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Posts Tagged ‘Requests’

Dear Spammers,

This is not the first time I’ve written to you (see here, here or here for a memory refresher). This time, I’m prompted because I’m just mystified at why I am the recipient for such strange things.

I don’t wear dentures.
I haven’t bought flowers lately.
I’m not looking to hook up with singles, not even desperate Asian girls.

The only thing on this list that fits is Smithsonian Magazine. It’s time to renew my subscription.

So help me out here. I’m not the target audience, so why am I targeted?

You’re barking up the wrong tree.

Good luck finding your MILF hunter,
Beth

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Dear Trump, GOP and NRA assholes representatives,

I am a teacher, and I DO NOT want to carry a gun to class. I’m there to instruct, not take down a “bad guy.” (Armed teachers = unusually bad idea, even for you)

I have one goal in class: Teach. I work with college students, so they are paying my salary. My goal is to give them their money’s worth and more. I want to be the life-changing (life-saving in a different way) professor like Dr. Brightman was for me.

Part of my job is figuring out what each student needs (and I guarantee that it is not an AR-15 in their hands or mine).

Students usually come in a handful of personas. Here’s a field guide:

The Tracy Flick
Hand up first. Already has an A, but wants extra credit. “Overachiever” doesn’t even begin to encompass this student. Also can dissolve quickly if mastery doesn’t come easy.

The Ferris Bueller
Seems like he doesn’t care and isn’t paying attention, but he is smarter than the average bear. Often turns in the best work in the class without even trying.

The Jeff Spicoli
Sigh. What do you do about a student who is paying money to go to college, but is just a complete slacker? Love them anyway.

The Summer “Tinkerbell” Hathaway
This student is suspicious of you from the get-go, but you will slowly win her over if you do, in fact, know what you are talking about. And then she will try to push you to see how far she can go.

The Will Hunting
This student may appear to hate your guts during the class, but he will surprise you later on when he tells you that he learned so much from you. It is an unexpected, but joyful moment.

The John Bender
Hard candy shell with a liquid center. Seems confrontational, but is masking a deep-seated vulnerability. I love to see these kinds in five years when they are all well-adjusted and shit.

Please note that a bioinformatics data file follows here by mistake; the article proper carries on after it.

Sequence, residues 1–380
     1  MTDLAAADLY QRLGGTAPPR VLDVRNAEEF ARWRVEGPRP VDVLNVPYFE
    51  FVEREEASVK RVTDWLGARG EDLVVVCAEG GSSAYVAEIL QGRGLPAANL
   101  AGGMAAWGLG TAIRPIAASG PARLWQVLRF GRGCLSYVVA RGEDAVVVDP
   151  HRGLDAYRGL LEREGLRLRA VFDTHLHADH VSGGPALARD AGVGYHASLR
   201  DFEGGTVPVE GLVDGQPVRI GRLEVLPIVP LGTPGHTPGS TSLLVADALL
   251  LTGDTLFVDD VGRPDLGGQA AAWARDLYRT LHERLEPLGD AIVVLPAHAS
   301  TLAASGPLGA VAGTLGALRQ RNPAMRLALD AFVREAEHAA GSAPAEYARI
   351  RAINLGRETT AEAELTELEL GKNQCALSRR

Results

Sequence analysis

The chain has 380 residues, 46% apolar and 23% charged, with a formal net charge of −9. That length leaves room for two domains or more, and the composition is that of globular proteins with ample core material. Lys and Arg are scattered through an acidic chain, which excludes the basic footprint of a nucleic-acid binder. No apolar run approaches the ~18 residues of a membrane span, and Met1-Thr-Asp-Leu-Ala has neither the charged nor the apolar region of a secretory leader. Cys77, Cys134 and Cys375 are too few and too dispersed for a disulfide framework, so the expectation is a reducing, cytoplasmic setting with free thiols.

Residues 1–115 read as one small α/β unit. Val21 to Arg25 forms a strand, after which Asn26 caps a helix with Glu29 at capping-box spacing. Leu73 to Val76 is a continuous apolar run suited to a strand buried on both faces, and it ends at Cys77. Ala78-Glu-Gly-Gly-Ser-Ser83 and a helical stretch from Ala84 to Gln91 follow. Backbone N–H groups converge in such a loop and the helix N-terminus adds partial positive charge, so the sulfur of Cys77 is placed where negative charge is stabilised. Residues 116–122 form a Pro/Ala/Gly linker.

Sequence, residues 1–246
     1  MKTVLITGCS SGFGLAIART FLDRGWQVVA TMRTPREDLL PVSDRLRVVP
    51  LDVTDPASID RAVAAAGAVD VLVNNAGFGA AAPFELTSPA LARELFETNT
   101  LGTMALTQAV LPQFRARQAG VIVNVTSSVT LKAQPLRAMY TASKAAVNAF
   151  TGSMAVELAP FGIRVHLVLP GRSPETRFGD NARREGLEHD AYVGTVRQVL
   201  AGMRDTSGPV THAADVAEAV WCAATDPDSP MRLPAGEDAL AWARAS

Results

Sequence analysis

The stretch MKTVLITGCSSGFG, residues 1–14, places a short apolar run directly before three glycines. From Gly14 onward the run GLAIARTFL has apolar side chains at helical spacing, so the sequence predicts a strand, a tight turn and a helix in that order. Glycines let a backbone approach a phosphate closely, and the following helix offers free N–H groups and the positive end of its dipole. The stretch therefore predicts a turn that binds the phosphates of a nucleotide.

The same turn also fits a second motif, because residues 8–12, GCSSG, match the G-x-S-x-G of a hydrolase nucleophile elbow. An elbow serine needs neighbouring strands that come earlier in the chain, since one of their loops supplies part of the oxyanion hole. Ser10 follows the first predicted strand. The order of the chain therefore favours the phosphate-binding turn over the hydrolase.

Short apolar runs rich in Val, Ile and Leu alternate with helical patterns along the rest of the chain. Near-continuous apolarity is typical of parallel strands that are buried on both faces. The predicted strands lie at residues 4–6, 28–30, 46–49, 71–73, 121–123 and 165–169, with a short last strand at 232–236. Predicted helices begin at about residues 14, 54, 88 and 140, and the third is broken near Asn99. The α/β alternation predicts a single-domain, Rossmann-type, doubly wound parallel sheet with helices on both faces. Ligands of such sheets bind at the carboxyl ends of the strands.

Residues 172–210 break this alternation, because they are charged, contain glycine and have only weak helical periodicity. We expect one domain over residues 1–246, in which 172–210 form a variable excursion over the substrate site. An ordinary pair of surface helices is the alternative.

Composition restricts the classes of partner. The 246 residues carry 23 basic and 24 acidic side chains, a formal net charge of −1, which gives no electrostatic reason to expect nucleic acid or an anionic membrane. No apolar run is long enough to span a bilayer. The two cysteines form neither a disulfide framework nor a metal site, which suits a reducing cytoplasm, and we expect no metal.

The Regina George
This student often is the most challenging because she has created a particular persona, and may resist your efforts to get her to think about anything/anyone other than herself. The trick is to help her figure out how to make assignments interesting enough to her so that she will enjoy doing them (thus learning in the process).

The Steve Stifler
Every female faculty member has this student’s number (meaning we know exactly who he is). No, we cannot have a meeting with my office door closed. No, we are not going together to the fraternity party Friday night. It’s great to see this student mature and even <gasp> get married.

The Sam Baker
This student is smart but can be quiet and thus overlooked. Pay attention to this one. Still waters run deep, as they say. This student often ends up being as close to you as students in the next category.

The Todd Anderson
With this student, you know early on that he/she will be in your life forever — and that is a good thing. You “get” them, they “get” you, and it is a lovely, symbiotic relationship. You start out as professor/student and morph into colleagues and friends later on. Some people in the aforementioned categories will end up in this one, and that is a lovely thing too.

I live to make a difference. And I live for notes like these:

That’s from a student who graduated five years ago. No surprise that she was a Todd.

I want to learn how to better reach every student. I do not want to learn how to better reach my gun.

I want to be accurate with grading. I do not want to be accurate with aim.

I want to get paid to carry full classes. I do not want to get paid to carry a gun.

Please, please, please find a different way to achieve the one goal we all want: peace in schools (and everywhere, for that matter). The answer is not arming teachers.

Thanks,
Beth

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Dear Helicopter Parents: